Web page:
PART II: Remaking Genoa? Urban DIY Mesh Networks and the Right to the City

31 October, 2017

To the visitor, Genoa’s historical center sometimes resembles a confusing set of narrow, cobbled alleyways, with sky-high medieval palaces and densely arranged buildings often creating a canyon-like impression. On the ground, orientation can be difficult, with hardly any clear sky or celestial bodies in sight. Depending on the location (and perhaps more important these days), GPS and mobile internet access are also limited, disrupting digital navigation attempts. An urban environment apparently so hostile to mobile communication and digital services might somehow help keep the destructive effects of mass tourism at bay. However, it also harbors the wireless community network Tapullo. As the walls bespeak the rich social activity and urban movements the area is traditionally teeming with, this seems only logical. Until recently, street corners and sign posts in the Centro storico were covered with posters and stickers for a variety of leftist and autonomous events and causes, from punk concerts, collective dinners and workshops at one of the squatted social centers to the Movimento di lotta per la casa’s marvelous crowbar logo.

Piazza dell’Erbe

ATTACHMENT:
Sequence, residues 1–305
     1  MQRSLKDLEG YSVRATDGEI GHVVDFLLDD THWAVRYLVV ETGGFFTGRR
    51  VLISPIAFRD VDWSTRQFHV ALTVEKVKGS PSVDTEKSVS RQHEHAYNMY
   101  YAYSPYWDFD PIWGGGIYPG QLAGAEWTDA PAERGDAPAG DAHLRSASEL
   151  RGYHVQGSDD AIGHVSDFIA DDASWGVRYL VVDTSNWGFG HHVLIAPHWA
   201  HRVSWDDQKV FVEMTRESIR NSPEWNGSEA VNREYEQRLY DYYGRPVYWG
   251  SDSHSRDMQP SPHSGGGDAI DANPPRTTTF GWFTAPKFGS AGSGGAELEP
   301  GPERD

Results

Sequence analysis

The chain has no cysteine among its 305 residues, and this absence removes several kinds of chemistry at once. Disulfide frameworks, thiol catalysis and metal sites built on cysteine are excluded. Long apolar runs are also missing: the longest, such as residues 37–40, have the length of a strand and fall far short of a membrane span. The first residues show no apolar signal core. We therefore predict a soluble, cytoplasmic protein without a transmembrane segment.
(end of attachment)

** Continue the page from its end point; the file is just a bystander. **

I first interviewed members of the Tapullo collective in May 2017. A first node of the prospective mesh network had just been installed in Piazza dell’Erbe, a relatively large public square in downtown Genoa, packed with bars and brimming with mostly younger people in the evenings. This seemed to be the perfect crowd to engage in a local mesh network based on both virtual and face-to-face interaction: Social-media-affine youngsters at their favorite watering hole. There was a palpable enthusiasm in the collective. Yet when I returned in October 2017, the mood had somewhat changed. In a curious turn of events, Tapullo’s one and only node had been damaged: The transformers of both the Wi-Fi router and the LattePanda single board computer had completely burned out, along with laptops, fridges, and a bunch of other electrical devices in the building where the Tapullo host lives. The damage was caused by a flawed power line installation by a technician from ENEL, Italy’s leading energy provider. Consequently, the equipment had to be removed for repairs, and the Tapullo forum was down for several weeks. This episode serves as a reminder to the multiple manners in which other urban infrastructures and social networks underpin a seemingly independent DIY mesh network. Moreover, it draws attention to the effort and time required to install and maintain such a wireless network as Tapullo moved away from its reliance on a single access point. A second phase, where the signals from individual nodes are woven into a mesh, was imminent – just as a notable shift in urban governance in downtown Genoa highlighted the need for collective social (inter)action. Ever since a change in city government in June 2017 brought an entrepreneur running as an independent candidate for the populist right-wing alliance between Forza Italia and Lega Nord into the position of mayor, a 1990s-style law-and-order approach to public space seemed to be gaining pace. After decades of social democratic rule by the Partito Democratico and its predecessors, this represented a rupture for the city home to one of the major seaports in the Mediterranean and once known as a leftist bastion. Some of Genoa’s seven occupied centri sociali may soon face the threat of eviction – and this development comes at a time when neofascists are seeking to establish two new premises in the city. Given the present political situation, it is not hard to predict an increase in urban struggles in the near future. This applies in particular (but not only) to the historical center, where a new regulation prohibiting the consumption of alcohol in public is being discussed. On a more symbolical level, the removal of political posters and graffiti is combined with a widening of an existing city marketing campaign, launched in 2014 under the somewhat comical slogan ‘Genova – more than this’. As the scraped-off posters illustrate, such attempts to sanitize public spaces and render leftist and progressive autonomous voices invisible form part of the new city government’s strategy. Meanwhile, parts of the new administration are pushing an anti-migrant and zero tolerance discourse.